The IRS has, since 2008, awarded matching grants to some of these organizations to help maintain and expand their VITA services. TFA would provide certainty for these organizations by permanently authorizing matching grants to support VITA programs.
8. IRS advocacy, oversight office changes
I'm a big fan of independent groups that hold the IRS' feet to the fire when it comes to taxpayer service since I served as a member of the Taxpayer Advocacy Panel (TAP). But the TFA says some revamping is needed to make IRS oversight operations work better.
The National Taxpayer Advocate (NTA), currently Nina E. Olson, and her office, which is separate from but works with the TAP, now can issue Taxpayer Advocate Directives (TADs) after identifying systemic problems that need changes. The Taxpayer First Act would strengthen TADs by requiring a response from the Commissioner or Deputy Commissioner and clarifying the time period for that response.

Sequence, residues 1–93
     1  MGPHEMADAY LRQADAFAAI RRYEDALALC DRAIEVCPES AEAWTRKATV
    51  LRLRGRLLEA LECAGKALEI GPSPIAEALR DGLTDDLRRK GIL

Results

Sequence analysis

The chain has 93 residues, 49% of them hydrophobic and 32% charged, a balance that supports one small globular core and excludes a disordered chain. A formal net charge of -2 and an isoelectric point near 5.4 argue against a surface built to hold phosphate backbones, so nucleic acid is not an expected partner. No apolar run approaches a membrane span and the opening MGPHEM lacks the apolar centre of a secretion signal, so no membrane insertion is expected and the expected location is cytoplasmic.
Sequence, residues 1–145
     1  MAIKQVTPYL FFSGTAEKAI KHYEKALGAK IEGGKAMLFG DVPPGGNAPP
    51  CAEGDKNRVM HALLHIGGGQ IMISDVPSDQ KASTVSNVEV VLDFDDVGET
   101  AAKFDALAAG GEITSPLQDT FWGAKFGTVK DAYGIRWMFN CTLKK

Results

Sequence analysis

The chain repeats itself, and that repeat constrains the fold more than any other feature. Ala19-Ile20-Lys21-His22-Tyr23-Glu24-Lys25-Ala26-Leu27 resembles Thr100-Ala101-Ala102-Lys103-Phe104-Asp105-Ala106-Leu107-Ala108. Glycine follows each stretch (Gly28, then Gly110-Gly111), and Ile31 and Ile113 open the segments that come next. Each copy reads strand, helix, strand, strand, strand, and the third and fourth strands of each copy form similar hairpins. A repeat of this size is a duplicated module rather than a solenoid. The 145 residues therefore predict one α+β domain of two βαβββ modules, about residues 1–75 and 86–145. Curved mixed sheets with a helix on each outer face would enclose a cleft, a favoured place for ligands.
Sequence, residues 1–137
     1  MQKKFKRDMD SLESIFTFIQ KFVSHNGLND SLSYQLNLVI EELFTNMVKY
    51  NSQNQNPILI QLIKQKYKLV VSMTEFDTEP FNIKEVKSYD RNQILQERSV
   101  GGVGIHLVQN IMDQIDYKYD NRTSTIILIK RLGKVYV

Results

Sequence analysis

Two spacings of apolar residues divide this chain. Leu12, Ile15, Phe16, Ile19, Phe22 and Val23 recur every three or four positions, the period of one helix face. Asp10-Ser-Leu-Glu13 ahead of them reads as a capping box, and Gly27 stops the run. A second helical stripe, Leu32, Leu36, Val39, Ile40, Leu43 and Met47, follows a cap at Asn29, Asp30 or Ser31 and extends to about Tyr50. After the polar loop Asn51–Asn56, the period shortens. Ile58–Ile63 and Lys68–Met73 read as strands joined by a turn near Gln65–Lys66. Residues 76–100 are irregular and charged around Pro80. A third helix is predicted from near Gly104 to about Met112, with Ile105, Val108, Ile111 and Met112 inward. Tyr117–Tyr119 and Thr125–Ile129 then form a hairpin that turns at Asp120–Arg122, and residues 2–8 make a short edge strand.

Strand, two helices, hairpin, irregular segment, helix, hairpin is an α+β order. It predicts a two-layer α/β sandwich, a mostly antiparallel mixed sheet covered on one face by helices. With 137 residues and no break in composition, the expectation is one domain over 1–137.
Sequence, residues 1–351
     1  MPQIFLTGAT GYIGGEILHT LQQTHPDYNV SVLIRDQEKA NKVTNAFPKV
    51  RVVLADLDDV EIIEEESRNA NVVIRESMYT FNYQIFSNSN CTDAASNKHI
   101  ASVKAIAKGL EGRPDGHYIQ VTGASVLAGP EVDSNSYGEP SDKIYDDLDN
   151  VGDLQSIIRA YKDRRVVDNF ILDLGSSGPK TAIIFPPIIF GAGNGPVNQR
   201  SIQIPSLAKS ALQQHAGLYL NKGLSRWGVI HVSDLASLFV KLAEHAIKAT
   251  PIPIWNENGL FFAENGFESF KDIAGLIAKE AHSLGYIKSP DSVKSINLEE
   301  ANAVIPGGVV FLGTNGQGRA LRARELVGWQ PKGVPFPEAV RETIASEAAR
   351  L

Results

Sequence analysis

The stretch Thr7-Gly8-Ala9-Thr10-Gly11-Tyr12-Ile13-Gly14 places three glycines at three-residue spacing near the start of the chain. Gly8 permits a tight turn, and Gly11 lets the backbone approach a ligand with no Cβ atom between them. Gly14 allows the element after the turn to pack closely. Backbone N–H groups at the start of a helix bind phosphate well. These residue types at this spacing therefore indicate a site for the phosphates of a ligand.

It also requires the National Taxpayer Advocate to report to Congress any directive that the IRS does not honor.
The TFA also streamlines some of the National Taxpayer Advocate's other responsibilities. Notably, it reduces the number of most serious taxpayer problems to be included in the NTA Annual Report to Congress from "more than 20" to 10. While I'm always curious as to what the Taxpayer Advocate finds problematic for taxpayers, I agree that a sharper focus on fewer areas that could be addressed is good.
Jenkins' and Lewis' bill also requires the IRS to provide the NTA statistical support when asked, as well as requires the NTA to coordinate research efforts with the Treasury Inspector General for Tax Administration (TIGTA).
Another groups that keeps an eye on the IRS, however, would be eliminated. The TFA says that the IRS Oversight Board, which was created as part of the 1998 IRS restructuring law, has of late become ineffective. Given that the panel has had trouble even attaining a quorum over the past few years so that it could do its job, the TFA would dismantle the board.
9. Independent appellate process